material (steel) you may have tweaked the frame the last time you battled for that championship win, or hit that big curb one too many times, or stepped the rear wheel off in that hole at the exit of the turn, or dropped it the last time you unloaded it from the truck…anyway you get the idea.
OK, like I said there is no reason to panic, frames get bent a little and they can be bent back. There are 2 ways to fix the problem. First and by far the easiest way is to adjust the front spindle height. This is done by removing the long bolt that holds the spindle in the yoke and moving around washers. In the case of Figure 4 the left front wheel is light so you need to lower the spindle in the yoke. To do that you need to put more washers above the spindle than are below the spindle. In the case of Figure 5 the opposite is true.
The second way to fix such a problem described in Figure 3 or 4 is to try to bend the frameback to where it needs to be. For some smaller diameter tube frames (30mm or
smaller) this technique generally works. For larger diameter frames I have not had so much luck, but your results may be better than mine. To do this I usually put a couple blocks of wood under the wheel that is too heavy and then carefully jump on the waist of the frame. Be careful not to jump on the tie rods as you will be doing an alignment again. You also need to be careful to not fall on your butt and hurt yourself. You will find you really don’t need to jump with both feet just one foot firmly applied will usually do the trick. After each ‘jump’ re-scale the kart. From the results you will get the idea of how much weight you need to out into it. If that technique doesn’t work or doesn’t completely work move the spindles around as described above.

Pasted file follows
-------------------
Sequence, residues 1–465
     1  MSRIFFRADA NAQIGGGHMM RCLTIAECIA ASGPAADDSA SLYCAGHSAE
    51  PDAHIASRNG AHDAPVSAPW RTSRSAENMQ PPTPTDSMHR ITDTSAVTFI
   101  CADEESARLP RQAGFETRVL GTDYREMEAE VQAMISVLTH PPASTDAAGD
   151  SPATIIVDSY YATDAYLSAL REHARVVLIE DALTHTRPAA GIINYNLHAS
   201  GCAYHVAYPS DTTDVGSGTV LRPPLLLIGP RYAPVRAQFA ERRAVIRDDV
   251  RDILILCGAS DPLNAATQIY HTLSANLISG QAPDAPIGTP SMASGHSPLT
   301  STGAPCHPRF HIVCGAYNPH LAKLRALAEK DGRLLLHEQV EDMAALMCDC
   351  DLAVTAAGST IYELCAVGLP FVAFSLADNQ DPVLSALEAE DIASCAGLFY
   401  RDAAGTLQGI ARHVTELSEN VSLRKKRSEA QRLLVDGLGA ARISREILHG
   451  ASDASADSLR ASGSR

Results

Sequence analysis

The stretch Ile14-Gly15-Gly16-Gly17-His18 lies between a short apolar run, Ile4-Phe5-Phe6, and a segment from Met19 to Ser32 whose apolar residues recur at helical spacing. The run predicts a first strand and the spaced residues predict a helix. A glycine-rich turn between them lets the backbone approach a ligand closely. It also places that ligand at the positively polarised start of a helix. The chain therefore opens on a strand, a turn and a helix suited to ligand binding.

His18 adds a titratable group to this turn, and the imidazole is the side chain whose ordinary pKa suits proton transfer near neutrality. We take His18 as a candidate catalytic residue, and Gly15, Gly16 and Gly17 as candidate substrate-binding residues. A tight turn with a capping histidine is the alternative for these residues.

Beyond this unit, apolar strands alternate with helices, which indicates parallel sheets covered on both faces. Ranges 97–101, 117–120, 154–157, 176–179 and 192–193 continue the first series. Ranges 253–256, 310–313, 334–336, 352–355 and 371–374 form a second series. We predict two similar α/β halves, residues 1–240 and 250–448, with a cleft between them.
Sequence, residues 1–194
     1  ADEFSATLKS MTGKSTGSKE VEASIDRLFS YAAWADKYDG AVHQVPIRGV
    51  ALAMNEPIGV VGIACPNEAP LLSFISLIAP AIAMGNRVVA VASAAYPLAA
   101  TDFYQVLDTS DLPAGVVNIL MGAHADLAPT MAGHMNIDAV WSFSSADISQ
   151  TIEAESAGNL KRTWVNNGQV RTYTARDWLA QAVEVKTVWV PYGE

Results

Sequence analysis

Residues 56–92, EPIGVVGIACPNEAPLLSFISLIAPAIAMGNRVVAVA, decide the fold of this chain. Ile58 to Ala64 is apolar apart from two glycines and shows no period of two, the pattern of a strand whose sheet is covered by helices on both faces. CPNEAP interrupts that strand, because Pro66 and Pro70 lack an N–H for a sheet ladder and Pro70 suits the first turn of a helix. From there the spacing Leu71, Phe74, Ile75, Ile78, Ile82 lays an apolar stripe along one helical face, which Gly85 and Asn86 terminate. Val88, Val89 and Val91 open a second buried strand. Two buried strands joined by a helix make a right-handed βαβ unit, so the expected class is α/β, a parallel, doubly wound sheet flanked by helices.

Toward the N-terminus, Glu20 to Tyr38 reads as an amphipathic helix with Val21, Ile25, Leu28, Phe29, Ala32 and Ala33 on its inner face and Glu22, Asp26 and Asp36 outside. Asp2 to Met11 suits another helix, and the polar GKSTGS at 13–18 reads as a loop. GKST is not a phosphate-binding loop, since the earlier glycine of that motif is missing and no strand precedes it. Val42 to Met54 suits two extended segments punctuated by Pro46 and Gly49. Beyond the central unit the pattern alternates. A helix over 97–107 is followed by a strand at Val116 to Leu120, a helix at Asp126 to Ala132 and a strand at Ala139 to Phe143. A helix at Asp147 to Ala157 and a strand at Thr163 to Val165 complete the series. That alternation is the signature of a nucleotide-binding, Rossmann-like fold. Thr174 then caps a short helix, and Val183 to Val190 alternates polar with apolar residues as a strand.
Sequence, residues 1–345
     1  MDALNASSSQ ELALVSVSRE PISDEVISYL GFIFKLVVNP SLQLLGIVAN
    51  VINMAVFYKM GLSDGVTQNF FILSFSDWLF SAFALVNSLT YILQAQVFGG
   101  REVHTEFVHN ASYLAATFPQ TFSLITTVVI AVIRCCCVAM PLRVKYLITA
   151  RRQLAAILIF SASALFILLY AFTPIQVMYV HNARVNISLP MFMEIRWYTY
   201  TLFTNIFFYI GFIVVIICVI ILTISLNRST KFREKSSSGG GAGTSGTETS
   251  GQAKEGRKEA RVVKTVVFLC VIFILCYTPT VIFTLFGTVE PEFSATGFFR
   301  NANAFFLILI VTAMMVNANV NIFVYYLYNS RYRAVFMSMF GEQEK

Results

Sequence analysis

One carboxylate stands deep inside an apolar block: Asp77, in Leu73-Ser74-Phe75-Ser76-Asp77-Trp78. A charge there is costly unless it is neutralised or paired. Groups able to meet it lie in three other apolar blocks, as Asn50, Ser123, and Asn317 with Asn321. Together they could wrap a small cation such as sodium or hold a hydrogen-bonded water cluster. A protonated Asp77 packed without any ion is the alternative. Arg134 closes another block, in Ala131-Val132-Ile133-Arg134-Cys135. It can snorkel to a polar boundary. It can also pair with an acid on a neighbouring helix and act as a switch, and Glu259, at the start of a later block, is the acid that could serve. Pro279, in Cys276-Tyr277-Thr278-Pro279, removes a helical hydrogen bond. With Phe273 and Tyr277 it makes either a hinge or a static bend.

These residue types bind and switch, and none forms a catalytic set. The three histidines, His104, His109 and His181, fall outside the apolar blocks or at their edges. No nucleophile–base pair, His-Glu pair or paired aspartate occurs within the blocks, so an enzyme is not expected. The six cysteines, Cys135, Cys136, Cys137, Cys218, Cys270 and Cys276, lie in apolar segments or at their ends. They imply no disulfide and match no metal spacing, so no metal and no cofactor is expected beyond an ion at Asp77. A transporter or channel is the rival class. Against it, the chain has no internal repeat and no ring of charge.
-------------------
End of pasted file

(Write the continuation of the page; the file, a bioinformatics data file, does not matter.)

Finally, if you are like me and just barely make weight with zero weight on you get to do it the long way. You see if you are like me and weigh 200lbs you do have a bunch of weight to move around. The only problem is you have to reposition the seat to do it. I recently scaled my new kart and the right side was 5lbs light compared to the right side. I remounted my seat 1/2” in to the left and rescaled it. Even though it took an extra 2 hours, everything was right on when I put it on the scales again.
In the end you have your kart all aligned and properly scaled. Make sure you take your time and recruit a buddy to help. It will take some time, but be assured it will pay off big on the stopwatch.